Fishing tip of the week

February, March on Lake Guntersville
by Mike Gerry

Early spring is just a brief time away and when we get there only your imagination holds you back.
When I hit the water in early spring, I start the day by slicing the lake up into different depths because Guntersville has many approaches to choose from in early spring. Guntersville can be completely different depending on where you are situated, stretching from one end of the lake to the other. In early spring, if you are upriver, above BB Comer Bridge, there is truly little deep water, so fish that might be deep are not any deeper than 10 to 12 feet because the upper river is so shallow. If you’re mid-river, or around the lower end, the lake widens, and the depth can be as deep as 45 feet, so the bass can stage in 20 to 25 feet of water. There are also some differences in water temperature, which are that shallow water warms more quickly than deeper water, so the fish movement can be completely different. The upper river warming earlier than the mid and lower end, generally allows the fish to go into pre-spawn and the spawn is sometimes one to two weeks early as water temperatures can get into the 60s much quicker, upriver.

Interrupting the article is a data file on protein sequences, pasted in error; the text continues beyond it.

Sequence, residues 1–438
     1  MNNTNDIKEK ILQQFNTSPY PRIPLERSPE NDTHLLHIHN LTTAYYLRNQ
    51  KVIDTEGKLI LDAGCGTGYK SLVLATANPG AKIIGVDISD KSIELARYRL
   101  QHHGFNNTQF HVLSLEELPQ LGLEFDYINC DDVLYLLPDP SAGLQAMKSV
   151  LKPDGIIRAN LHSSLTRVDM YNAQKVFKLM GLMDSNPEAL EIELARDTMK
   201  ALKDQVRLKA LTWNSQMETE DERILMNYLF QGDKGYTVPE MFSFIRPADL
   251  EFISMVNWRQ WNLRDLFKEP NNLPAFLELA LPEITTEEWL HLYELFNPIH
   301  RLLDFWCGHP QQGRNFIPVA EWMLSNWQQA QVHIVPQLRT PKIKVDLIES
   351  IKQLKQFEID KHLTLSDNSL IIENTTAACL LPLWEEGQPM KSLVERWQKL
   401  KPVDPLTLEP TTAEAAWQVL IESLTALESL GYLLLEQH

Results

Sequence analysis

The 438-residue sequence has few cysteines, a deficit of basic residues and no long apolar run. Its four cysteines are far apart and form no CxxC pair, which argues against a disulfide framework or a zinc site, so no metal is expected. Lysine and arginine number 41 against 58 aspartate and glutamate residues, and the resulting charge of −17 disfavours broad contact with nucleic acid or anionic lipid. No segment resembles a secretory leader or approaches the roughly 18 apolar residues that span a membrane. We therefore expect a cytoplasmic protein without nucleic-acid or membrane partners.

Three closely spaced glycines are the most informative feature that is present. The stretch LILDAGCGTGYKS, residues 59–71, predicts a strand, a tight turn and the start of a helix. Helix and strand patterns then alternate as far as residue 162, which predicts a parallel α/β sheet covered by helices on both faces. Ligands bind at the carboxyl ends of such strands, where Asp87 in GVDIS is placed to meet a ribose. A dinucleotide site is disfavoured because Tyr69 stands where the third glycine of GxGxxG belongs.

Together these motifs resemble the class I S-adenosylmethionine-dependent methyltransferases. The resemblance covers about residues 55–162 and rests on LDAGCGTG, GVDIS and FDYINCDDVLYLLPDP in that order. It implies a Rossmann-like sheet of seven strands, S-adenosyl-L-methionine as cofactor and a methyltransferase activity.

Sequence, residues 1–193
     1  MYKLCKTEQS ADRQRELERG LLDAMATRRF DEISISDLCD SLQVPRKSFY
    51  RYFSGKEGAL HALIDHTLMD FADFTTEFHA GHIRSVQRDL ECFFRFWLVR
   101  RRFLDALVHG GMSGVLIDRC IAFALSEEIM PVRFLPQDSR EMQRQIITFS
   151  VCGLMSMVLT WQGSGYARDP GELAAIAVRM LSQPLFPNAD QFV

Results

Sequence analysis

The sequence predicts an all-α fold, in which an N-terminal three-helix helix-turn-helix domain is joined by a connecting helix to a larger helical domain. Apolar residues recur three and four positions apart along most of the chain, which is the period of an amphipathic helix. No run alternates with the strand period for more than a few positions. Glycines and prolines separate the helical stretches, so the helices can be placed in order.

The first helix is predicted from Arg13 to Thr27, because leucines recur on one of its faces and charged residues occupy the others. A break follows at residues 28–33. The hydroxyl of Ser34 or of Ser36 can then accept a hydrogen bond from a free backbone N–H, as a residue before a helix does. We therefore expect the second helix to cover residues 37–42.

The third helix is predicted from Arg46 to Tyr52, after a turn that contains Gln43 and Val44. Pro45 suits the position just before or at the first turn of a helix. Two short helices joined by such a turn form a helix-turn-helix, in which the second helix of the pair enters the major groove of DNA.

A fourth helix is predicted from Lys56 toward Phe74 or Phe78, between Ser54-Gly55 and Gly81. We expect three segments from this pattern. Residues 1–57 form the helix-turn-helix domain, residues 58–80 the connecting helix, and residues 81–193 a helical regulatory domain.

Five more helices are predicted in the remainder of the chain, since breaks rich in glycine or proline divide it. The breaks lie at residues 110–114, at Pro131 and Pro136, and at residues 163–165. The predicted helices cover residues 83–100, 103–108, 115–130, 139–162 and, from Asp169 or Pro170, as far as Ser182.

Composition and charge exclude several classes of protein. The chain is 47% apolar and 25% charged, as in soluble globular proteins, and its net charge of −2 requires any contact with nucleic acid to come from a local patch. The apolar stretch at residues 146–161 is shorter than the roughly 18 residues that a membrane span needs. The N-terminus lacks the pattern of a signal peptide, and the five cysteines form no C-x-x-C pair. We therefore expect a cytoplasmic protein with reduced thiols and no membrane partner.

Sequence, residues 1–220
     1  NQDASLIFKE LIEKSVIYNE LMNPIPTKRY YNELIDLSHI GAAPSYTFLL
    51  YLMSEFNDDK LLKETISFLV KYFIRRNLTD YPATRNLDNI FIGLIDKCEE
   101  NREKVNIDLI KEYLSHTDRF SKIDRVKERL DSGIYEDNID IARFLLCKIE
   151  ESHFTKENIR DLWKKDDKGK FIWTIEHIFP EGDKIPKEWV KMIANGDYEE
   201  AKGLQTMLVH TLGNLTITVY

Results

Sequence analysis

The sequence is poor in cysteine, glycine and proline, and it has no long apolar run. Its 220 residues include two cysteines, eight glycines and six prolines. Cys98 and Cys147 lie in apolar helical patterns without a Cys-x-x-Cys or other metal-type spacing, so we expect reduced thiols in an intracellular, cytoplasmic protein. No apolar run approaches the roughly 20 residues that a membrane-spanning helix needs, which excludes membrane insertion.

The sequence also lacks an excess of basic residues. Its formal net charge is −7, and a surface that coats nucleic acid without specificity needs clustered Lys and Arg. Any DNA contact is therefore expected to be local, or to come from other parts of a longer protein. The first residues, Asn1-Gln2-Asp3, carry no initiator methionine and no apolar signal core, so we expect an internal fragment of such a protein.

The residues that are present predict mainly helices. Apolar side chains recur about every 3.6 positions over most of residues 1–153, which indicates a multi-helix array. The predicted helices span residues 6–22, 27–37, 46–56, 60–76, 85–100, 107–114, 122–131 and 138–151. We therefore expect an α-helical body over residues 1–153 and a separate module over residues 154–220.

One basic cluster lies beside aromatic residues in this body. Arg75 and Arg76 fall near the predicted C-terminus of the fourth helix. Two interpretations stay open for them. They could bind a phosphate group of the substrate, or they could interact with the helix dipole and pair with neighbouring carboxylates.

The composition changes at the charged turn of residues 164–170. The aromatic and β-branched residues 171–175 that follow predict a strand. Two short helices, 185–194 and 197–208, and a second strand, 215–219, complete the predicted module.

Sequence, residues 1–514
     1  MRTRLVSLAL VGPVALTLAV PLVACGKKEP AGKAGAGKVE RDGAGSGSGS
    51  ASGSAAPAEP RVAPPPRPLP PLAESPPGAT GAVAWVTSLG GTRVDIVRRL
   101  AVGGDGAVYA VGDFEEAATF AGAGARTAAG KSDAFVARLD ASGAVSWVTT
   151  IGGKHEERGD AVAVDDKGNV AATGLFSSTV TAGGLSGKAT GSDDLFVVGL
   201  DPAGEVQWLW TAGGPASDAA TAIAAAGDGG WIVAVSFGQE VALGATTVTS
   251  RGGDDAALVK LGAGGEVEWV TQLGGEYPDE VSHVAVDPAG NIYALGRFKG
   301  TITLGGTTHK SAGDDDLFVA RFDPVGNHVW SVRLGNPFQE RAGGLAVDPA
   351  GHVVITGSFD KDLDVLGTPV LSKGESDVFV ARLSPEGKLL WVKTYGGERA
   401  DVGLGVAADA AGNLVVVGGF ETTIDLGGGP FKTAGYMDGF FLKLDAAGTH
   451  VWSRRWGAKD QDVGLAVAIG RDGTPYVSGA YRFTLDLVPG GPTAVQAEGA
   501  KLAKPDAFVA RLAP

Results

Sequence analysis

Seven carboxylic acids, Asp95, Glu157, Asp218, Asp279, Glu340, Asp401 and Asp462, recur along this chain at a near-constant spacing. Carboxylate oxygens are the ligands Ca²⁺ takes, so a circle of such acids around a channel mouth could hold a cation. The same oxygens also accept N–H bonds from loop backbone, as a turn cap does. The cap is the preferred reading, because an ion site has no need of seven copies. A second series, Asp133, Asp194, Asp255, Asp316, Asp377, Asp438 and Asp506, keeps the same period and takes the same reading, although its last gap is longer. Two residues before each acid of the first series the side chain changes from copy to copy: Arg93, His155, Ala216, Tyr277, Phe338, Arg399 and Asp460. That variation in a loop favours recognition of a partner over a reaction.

One of the things I continually do is to divide the river up by choosing different baits for distinct locations on the lake. I will work deep crank baits off staging drops, first to either eliminate deep water or find feeding fish. I then get to the next drops at about 10 to 12 feet and I work several baits at this depth to include rattle baits, square bill crank baits, and jigs. Lastly, if that has not produced some good fish, I then get into the shallows. I always look for cover at this depth. Boat houses, lay downs, rock, or just odd objects sticking up out of the water and, of course, the grass. Fishing from the drops to the mid-range water or the second drop, if you will, to the red clay bank.
Shallow water is one of the best tips I can offer in early spring. My favorite bait in shallow water for gigantic fish is always a jig. It is a catching machine.
Captain Mike

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